Pumping nylon.

Pumping nylon.

30/12/20 - week 8

🎧 Tune

I love Bach. After playing lots of his partitas and inventions, I thought it was about time to learn some repertoire more frequently associated with the guitar. Although J.S. Bach wrote BWV 999: The Little Prelude in C Minor for lautenwerck, guitarists have found that it fits more comfortably in D minor. Julian Bream's version is brilliant. Who else woos party guests with a Bach Prelude?!

BWV 999 also served as a technical exercise to get my right hand ready for a session I had last week recording an opera.

🪕 Twang

Here's my rendition of The Little Prelude on an Alhambra guitar I bought from London Guitar Studio, just off Oxford St. The staff were incredibly helpful - definitely the place to go shopping for classical guitars. The store also has an extensive flamenco department downstairs! I hope you enjoy.

I've started taking classical lessons with Jørgen Skogmo at Guildhall; he's recently released an album of duets with Bendik Lund Haanshus called Korall. The album incorporates short lilting folk melodies, jazz harmony and ambient soundscapes to invent a totally fresh world. The marriage of Bendik's baritone acoustic and Jørgen's nylon string creates a spacious sounding mix. My favourite tune on the album is 'Restarn'.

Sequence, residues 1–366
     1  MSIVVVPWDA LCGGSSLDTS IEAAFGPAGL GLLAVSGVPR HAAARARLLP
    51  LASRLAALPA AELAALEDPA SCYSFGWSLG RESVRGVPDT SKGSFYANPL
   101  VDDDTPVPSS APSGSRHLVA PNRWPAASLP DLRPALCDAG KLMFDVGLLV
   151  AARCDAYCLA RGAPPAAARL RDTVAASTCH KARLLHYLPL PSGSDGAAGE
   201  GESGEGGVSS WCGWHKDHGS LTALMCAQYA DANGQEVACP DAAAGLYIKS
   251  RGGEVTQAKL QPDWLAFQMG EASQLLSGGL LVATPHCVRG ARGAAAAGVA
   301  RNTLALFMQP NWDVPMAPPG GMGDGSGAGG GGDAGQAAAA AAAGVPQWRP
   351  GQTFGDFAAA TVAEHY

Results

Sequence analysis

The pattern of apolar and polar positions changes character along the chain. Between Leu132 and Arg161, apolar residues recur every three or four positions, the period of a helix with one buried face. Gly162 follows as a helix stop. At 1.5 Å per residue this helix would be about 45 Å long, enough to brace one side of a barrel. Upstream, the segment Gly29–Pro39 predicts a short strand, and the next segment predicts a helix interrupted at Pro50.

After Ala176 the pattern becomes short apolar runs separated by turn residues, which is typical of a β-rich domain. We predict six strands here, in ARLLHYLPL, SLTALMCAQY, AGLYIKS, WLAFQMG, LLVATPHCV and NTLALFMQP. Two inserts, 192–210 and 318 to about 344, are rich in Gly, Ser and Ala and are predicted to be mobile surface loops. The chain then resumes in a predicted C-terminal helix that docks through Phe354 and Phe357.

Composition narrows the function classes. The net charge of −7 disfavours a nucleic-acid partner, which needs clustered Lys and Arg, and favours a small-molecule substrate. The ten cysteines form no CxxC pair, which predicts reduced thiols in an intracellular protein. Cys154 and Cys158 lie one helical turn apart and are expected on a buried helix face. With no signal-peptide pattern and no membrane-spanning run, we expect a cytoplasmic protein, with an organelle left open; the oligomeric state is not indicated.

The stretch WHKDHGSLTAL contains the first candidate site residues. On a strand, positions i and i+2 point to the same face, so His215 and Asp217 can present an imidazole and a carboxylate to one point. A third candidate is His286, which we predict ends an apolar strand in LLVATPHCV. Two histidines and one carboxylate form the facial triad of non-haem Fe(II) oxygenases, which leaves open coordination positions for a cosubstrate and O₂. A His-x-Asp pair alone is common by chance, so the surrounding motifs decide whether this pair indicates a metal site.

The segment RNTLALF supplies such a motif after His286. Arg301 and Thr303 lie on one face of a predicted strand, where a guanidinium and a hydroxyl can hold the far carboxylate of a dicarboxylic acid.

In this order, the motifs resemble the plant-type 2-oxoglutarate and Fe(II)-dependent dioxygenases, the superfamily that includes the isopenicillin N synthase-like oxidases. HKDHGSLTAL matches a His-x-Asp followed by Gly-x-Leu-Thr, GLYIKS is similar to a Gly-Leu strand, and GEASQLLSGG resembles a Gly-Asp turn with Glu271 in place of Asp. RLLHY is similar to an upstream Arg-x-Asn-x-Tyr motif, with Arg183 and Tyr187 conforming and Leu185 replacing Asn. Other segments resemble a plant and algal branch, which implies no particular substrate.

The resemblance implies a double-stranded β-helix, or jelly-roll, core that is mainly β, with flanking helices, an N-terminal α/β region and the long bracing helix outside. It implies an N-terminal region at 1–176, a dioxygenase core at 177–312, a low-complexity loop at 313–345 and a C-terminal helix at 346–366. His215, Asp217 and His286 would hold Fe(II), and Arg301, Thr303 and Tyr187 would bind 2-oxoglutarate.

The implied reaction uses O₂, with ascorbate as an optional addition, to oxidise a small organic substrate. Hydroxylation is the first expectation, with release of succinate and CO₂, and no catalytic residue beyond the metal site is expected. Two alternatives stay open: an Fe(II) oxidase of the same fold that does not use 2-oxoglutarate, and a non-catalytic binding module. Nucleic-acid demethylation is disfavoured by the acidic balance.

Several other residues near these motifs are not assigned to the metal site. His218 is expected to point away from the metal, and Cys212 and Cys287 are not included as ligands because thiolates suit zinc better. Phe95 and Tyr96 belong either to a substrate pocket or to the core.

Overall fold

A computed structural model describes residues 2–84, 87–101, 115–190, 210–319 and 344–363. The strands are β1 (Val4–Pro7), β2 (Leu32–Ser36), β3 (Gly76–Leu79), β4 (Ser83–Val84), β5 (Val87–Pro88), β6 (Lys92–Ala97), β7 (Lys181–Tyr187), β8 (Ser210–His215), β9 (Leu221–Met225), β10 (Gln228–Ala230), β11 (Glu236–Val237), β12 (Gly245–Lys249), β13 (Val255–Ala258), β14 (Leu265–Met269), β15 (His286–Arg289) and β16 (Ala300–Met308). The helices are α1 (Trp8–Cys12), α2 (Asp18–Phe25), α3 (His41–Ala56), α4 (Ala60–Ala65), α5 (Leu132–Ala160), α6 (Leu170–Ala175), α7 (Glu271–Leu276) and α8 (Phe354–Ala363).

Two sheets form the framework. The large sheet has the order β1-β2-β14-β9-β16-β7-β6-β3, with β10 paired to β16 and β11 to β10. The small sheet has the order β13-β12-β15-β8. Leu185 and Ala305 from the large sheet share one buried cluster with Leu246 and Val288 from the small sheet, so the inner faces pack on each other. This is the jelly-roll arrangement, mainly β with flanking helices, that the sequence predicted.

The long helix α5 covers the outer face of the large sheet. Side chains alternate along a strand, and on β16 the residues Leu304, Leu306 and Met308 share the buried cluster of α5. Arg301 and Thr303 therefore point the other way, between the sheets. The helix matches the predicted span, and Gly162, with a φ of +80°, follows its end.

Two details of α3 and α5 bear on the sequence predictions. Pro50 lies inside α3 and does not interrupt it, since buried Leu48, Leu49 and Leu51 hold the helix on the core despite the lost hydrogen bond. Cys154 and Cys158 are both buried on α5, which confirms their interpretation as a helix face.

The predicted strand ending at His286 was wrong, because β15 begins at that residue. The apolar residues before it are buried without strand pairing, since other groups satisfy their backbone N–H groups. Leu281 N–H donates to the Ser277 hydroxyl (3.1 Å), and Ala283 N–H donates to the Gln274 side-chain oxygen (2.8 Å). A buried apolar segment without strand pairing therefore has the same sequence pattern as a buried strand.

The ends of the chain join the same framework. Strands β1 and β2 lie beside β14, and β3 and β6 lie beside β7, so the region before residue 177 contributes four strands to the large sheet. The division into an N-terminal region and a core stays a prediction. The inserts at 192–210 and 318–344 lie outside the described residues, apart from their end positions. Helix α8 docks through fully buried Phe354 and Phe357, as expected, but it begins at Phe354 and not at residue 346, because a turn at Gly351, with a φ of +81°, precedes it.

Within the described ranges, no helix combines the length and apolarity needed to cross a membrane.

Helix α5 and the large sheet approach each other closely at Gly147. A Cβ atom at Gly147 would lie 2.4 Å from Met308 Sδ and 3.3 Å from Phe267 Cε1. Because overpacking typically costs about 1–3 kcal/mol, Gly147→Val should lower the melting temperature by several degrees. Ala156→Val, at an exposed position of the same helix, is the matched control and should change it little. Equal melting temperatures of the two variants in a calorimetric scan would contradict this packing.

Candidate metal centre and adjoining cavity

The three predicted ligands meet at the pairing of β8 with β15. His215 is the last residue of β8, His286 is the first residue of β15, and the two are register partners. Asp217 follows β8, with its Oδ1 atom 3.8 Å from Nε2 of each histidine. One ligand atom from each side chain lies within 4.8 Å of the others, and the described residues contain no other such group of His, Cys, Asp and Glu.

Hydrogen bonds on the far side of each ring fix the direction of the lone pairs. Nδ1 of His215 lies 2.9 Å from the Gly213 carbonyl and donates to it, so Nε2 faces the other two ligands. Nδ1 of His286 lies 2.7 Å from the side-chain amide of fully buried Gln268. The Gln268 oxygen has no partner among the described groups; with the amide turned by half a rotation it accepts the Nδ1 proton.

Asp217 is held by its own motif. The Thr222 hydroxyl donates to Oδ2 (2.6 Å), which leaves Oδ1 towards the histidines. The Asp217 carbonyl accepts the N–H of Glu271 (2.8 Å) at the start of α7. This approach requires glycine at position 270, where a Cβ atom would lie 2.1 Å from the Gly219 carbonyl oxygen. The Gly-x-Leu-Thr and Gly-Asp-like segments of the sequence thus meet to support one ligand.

🌞 Thought

Austin Kleon talks about sharing the creative process as well as the finished product in his book Show Your Work! His thoughts align with my attitude towards the study of Bach.

For me, practicing Bach is not about mastering the repertoire. It's about accessing parts of the musical mind less frequently exercised in jazz. Considering phrasing, dynamics and tone production in greater detail can only strengthen musicianship. The synergy between classical and jazz practice allows for a balanced musical development. Not to mention it's some of the most beautiful music in the world to explore!

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